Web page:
Medium risk zone
It’s usually 500-1000 m away from the volcano, and is comparatively safe. But sometimes, as in 1971, when Mt Etna suddenly erupted, 9 tourists were killed and others were injured. The guides however were not injured which speaks volumes about the experience of ‘dodging’ lava bombs, while living near volcano risk zone. You should never sleep or camp in this zone.
Low risk zone
This zone is 5-10 km from the crater and you’re far from the valleys where pyroclastic flows might be channeled. This is also the zone where a false sense of security leads people to build permanent structures (homes and shops), and is usually the zone from where the most evacuation and property damage happens. One of the ways how to reduce risk is to stay further away from this property.
The safe zone is the area where people live and work. It’s situated a long distance from the volcano, and unless there are huge eruptions, people are quite safe in this area. The people living near volcano risk zone have to be always alert however, and ready to evacuate if the need arises.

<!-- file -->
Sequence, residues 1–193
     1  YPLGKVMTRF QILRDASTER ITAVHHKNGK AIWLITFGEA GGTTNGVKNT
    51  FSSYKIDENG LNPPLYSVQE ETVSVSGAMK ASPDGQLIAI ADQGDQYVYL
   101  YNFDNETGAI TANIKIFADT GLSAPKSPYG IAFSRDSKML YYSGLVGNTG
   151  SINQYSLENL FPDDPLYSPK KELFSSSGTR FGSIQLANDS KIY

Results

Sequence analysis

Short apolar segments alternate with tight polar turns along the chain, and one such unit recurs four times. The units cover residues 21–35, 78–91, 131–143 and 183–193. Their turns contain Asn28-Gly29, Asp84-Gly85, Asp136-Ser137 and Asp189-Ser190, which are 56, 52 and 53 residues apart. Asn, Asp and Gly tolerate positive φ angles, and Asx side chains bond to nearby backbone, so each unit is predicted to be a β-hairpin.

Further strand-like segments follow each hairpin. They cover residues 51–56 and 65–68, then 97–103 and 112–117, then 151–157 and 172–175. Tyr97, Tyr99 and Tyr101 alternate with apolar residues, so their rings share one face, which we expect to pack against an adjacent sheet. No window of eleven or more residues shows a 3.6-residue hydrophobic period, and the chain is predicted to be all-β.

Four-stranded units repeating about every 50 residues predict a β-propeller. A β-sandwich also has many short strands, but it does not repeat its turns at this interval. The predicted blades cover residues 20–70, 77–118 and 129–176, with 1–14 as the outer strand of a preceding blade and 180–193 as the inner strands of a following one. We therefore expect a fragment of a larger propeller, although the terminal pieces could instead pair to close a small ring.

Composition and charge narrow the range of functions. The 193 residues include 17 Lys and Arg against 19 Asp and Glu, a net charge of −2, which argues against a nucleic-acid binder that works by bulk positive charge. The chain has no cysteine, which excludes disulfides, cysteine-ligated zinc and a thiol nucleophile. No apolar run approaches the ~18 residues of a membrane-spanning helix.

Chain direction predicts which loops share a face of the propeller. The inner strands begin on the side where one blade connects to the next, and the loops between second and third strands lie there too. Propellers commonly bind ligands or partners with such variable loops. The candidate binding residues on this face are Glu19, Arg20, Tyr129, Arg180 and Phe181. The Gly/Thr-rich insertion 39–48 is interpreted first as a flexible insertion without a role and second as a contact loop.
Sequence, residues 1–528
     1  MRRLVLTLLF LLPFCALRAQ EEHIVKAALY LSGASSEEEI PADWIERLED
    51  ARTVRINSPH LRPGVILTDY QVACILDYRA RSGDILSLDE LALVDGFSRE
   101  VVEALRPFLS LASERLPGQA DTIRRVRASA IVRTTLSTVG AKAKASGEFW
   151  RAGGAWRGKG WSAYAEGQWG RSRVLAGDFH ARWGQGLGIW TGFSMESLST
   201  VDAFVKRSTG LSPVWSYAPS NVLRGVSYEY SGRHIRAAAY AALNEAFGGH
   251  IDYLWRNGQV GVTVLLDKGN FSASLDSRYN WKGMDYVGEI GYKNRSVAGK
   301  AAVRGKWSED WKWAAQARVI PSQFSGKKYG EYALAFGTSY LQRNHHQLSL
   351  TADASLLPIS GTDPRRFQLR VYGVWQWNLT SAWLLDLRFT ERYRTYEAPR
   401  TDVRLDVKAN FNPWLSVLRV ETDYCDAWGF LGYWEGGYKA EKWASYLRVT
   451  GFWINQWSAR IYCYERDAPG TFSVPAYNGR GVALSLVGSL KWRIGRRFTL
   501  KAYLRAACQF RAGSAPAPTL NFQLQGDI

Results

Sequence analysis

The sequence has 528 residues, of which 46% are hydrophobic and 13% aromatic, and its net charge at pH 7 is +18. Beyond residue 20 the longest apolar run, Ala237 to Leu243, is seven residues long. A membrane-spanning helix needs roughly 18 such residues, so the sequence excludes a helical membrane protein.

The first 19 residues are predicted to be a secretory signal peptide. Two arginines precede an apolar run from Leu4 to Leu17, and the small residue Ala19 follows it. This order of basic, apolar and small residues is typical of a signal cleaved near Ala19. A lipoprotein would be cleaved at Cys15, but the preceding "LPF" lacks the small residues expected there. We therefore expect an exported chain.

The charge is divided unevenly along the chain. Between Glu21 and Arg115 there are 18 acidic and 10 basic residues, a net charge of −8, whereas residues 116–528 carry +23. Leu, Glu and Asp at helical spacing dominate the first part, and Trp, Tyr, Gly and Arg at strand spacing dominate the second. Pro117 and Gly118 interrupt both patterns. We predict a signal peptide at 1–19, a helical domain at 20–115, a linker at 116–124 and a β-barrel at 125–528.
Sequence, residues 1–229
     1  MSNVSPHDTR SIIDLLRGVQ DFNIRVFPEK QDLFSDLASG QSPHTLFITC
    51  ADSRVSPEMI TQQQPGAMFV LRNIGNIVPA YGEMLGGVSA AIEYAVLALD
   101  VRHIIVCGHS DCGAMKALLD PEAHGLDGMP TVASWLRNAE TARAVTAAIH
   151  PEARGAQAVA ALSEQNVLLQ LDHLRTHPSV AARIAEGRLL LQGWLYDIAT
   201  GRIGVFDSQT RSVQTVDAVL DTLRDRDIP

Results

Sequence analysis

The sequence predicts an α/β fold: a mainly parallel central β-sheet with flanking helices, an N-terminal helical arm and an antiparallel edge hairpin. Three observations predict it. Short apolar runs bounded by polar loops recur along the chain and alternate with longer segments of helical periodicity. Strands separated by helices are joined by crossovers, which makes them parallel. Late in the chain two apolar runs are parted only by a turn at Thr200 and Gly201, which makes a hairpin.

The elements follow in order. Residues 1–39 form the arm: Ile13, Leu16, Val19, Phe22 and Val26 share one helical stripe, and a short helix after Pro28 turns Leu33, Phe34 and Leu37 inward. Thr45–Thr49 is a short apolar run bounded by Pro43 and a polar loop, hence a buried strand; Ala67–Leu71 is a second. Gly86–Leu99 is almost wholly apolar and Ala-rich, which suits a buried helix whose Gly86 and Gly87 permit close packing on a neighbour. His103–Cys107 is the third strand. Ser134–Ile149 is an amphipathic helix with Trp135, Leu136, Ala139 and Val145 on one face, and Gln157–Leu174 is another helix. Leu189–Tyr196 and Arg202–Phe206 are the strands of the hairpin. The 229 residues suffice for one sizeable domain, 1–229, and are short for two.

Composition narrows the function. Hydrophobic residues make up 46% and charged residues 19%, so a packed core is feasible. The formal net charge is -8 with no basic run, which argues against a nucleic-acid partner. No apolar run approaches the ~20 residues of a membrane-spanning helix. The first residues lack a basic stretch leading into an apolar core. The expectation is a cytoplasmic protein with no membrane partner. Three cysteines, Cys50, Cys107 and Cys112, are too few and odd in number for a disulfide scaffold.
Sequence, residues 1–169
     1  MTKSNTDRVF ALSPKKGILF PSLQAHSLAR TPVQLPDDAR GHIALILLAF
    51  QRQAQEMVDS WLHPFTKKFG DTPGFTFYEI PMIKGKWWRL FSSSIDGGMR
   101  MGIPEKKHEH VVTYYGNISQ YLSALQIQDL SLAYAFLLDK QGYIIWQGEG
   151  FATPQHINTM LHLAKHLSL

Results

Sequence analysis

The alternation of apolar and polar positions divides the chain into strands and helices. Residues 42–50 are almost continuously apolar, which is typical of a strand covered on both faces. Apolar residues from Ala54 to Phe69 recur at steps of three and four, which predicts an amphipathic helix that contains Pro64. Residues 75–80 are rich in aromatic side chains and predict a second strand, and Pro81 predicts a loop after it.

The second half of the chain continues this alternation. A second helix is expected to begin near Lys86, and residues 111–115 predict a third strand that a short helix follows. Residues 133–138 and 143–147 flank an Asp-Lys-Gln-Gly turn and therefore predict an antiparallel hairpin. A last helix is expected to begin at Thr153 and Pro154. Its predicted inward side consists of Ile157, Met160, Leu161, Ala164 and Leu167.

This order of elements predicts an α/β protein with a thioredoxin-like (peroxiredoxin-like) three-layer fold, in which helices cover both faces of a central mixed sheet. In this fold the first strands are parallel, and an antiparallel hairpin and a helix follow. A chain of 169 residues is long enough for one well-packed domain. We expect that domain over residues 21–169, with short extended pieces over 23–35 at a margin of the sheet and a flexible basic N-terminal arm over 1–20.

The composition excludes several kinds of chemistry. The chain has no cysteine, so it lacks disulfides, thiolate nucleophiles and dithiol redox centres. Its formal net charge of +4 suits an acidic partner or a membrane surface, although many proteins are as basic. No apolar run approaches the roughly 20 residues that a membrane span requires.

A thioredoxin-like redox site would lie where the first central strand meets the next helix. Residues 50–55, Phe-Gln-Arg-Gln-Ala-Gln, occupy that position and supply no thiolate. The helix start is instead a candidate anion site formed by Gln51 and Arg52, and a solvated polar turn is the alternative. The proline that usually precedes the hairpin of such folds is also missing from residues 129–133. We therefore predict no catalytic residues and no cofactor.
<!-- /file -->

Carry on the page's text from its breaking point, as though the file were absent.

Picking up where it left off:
Dangers due to volcanoes
1. Volcanic ashes, toxic gases and smoke
When volcanoes erupt, there are a lot of toxic gases such as sulphur dioxide, carbon dioxide and hydrogen halides. These gases are hazards to people, animals, agriculture and property and during an eruption, there is a high concentration of the gases in the air. CO2 can be poisonous to humans and animals, sulphur dioxide irritates respiratory system and the eyes.
Hydrogen sulphide, which smells pretty nasty can make people unconscious and in extreme cases, cause death. One of the dangers of living near volcano is to face death from toxic gases.
2. Acid rain
Apart from gases, in eruptions which produce ash, people face the danger of hydrogen halide raining down from the skies as acid rain, which had happened in Kilauea recently. The acid rain poisons water supplies, grazing land and agricultural crops, thus causing a lot of havoc, and is one of the worst dangers of living near volcano.
One of the dangers of living near volcano is the possibility of being in the path of hot, flowing rivers of lava. Lava can destroy anything in its path instantaneously, as can be seen in the Vesuvius eruption centuries earlier.